The Futility of Cybersecurity Politics as Usual

It will come as no surprise to anyone who has followed related issues for any length of time that the infamous Unit 61398 is back in business. The name-and-shame approach orchestrated by the government and elements in the security industry had the desired effect…for about five minutes. The significance of the aforementioned effort was not the naming of a discrete element of a state organ, but in the public release of heretofore confidential technical data, or “indicators of compromise.” IOCs have value, which is why despite efforts to make them easy to share/disseminate, people hold on to them like money (which if you discovered them and have a sufficient customer base, they are). They do so up until they are not worth money, at which point making them public is a nice way to help increase the customer base. This is called “business” and there is nothing wrong with that.

What IS wrong with how we have been trying to combat this problem?

Nobody Cares if They’re Outed. The excuse that worked the last time will work every time right up until we re-engineer the Internet. Everyone who wants to hold their breath waiting for that to happen go stand over there.

We Do Not Wield a Big Enough Club. Sanctions? In a globalized economy? See “excuse” above. Anywhere you go to get international consensus on such things is populated with the very people you want to punish (or those who are aligned with them). That leaves unilateral action, and as has been documented in the past, actual victims don’t care enough to rock the boat, and those who pay the price (minuscule as it is) have no advocacy.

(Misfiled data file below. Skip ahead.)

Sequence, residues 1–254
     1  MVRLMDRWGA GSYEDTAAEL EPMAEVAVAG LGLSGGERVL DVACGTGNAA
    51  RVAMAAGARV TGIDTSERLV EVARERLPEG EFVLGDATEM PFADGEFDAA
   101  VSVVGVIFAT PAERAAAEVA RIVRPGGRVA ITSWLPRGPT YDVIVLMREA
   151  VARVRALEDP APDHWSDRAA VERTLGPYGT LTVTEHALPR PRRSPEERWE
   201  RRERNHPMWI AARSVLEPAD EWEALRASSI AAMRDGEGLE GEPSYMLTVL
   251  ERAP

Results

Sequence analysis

No One Will Adhere to an Agreement. Digital weapons are not nuclear weapons. There is no meaningful analog between the two no matter how many cold warriors try to recycle their ideas. Governments only talk about agreements because it’s “how things are done.” Never mind the total and complete inability to make them actually work in the real world.

What might actually make a difference?

IOCs Want to be Free. There is an argument to be made that the closer you hold an IOC the better chance you can learn more about who it is tied to, what their goals are, etc., which is fine except that the vast majority of victims don’t want to fund your private intelligence analysis project, they want the pain to go away. The more IOCs are made public in a timely fashion the faster other victims can ID problems, and potential victims can tune defenses. That is contributing to security, not growing your security business.

Remove or Reduce Risk Deferment. As long as businesses can insure their way out of liability or pass along the cost to consumers, there is no incentive to take security seriously. When breaches negatively impact the bottom line the glaring shortcomings of security solutions-as-usual will shine through. Security has not kept pace with the corresponding technology it purports to protect:

(Courtesy of my friend Gunnar at 1raindrop.typepad.com)

…and that won’t change without some kind of external stimulus.

Work at Scale. There will never be enough cyber cops; legal action is only a deterrent if you’re within reach of a federal agent; investigating a breach in accordance with generally accepted practices only means you’ll solve 2013’s crime in 2018; working solo is great for profits, bad for security. The effect of things like botnet takedowns may not be long-lasting when compared to the work that goes into them, but that won’t always be the case. Aggressive defensive actions may only ever get to near-peer status to offense ones, but at this point it isn’t even a contest, which is a shame given how long people have been pointing out problems.